of his life is dead, shot down, executed in cold blood. that is not repentance. repentance is not being concerned whether or not -- repentance is not being concerned whether or not people outside of our city will have a good feeling about us. how can anyone have a good feeling about memphis won one of the finest sons of this world of ours was shot down in our streets? [laughter] [applause] try, fromhow much we now on until there is no longer any written history, memphis will be known as a place where martin luther king was crucified. city that has had to
wrestle with that legacy over the last 50 years. the city is not perfect. it is conscious of that legacy. it is continuing to deal with that. very much like the rest of the country. it would be a disservice to single out memphis in that way. that has allowed this museum to flourish. it is very much like the rest of the country, this racial inequity and economic inequity is a hard conversation to have. it is a hard issue to deal with. we are dealing with it. we will continue to do so. >> our cities tour staff recently traveled to memphis to learn about the rich history. learn more about memphis and other stops on our tour at
c-span.org/cities tour. you're watching american history tv all weekend every weekend on c-span3. sunday on q&a, california democratic congresswoman jackie spear talks about her memoir undaunted. havings on an airstrip just concluded a congressional delegation tour with congressman ryan. we were ambushed on the airstrip. shot 20 --d ryan was 45 times. members of the press died. one defector of the people's temple died. i was shot five times on the right side of my body. my righting out of arm. a wound in my leg the size of a football.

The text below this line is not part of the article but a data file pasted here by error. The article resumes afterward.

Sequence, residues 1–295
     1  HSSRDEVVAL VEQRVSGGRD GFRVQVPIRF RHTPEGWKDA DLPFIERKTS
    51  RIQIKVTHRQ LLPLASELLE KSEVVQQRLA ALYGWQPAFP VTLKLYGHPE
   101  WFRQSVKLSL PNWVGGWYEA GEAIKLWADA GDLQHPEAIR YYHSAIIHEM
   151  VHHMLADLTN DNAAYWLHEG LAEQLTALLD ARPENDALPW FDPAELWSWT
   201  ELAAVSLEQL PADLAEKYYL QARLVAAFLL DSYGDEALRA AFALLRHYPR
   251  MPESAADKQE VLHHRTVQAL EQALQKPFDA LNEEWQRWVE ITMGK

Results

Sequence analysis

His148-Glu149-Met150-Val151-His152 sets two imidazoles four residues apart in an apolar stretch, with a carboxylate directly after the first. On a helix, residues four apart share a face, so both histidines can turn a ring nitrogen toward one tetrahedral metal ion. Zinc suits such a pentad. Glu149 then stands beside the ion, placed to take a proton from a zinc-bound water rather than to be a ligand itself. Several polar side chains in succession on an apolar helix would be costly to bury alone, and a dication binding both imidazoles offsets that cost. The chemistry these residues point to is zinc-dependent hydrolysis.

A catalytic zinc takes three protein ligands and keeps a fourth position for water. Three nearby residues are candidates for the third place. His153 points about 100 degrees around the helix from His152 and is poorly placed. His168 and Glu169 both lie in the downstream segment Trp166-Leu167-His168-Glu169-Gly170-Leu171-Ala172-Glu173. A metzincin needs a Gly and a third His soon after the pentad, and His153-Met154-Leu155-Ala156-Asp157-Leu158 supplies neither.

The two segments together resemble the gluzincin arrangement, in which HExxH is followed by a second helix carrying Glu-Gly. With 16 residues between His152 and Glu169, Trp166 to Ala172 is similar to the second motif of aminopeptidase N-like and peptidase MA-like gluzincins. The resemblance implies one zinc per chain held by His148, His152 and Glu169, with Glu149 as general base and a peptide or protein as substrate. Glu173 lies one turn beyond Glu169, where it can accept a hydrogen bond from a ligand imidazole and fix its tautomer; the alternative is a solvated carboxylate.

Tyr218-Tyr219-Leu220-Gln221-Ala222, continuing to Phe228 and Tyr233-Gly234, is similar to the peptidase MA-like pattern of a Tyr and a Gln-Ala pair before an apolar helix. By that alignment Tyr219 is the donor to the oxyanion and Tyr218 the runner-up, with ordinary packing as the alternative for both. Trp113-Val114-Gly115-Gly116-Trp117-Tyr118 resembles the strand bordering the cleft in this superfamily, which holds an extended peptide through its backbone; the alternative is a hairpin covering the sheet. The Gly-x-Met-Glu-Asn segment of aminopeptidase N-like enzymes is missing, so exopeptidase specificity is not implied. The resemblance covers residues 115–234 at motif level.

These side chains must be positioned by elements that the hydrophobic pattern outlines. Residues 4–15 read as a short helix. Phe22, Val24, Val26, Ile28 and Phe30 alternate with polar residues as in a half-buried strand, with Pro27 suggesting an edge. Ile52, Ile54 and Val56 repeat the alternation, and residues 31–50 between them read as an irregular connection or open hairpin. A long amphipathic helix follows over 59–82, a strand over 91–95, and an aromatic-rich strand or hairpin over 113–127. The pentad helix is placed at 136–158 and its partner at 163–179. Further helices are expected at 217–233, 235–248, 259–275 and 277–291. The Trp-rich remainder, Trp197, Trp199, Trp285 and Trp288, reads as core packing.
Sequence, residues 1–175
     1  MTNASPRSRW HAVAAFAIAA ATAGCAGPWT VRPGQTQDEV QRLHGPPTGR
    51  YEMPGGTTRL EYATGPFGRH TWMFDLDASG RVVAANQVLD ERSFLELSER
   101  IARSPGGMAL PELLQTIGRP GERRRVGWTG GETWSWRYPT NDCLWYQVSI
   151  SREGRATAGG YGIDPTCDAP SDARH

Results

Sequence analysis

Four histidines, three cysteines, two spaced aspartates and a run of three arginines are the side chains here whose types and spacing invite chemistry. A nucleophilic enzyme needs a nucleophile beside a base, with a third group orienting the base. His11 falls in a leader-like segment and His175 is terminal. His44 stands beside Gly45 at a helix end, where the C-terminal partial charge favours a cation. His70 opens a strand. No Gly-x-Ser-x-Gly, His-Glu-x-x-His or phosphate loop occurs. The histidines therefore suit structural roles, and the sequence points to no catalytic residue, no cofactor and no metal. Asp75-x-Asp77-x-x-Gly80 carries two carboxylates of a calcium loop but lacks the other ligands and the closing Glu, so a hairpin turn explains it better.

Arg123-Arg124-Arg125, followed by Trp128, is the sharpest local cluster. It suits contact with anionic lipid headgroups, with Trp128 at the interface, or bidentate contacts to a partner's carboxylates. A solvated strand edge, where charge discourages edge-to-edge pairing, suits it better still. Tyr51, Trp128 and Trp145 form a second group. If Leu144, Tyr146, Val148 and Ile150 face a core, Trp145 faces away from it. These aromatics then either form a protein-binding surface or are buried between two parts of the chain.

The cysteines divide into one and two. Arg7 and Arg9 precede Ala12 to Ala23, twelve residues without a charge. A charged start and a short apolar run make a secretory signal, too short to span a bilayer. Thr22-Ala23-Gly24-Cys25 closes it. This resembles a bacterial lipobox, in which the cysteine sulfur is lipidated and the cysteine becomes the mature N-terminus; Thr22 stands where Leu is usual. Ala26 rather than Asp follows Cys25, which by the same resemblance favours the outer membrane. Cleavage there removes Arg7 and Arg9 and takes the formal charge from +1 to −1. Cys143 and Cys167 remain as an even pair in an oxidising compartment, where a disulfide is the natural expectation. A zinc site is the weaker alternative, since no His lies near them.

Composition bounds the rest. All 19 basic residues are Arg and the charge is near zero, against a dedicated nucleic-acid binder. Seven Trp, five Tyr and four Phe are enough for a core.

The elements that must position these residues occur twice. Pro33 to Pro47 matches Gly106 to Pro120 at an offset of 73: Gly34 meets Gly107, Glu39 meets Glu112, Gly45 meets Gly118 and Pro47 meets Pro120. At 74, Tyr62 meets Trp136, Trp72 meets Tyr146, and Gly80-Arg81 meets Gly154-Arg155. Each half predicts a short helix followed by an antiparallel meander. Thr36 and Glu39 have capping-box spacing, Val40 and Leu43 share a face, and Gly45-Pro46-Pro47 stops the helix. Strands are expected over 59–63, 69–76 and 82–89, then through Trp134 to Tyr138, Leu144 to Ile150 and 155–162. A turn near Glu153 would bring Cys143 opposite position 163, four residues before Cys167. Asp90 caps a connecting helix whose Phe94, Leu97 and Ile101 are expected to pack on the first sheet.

it was all my god i'm 28 years old, this is it. >> sunday night at 8:00 eastern on c-span q&a. >> next on the presidency. ronald reagan's attorney general talks about his views on communism and his relationship with pope john paul ii at a conference organized by the white house writers group. the program was recorded as part of the hoover institution's video series, uncommon knowledge. series host peter robinson moderates the conversation. it is just over half an hour. >> ronald reagan and pope john paul ii, a partnership that changed the world. today, we are in washington at a conference devoted to that subject. with us today, an eyewitness to the relationship tween president reagan and pope john paul ii, the former attorney general, edwin meese iii. [a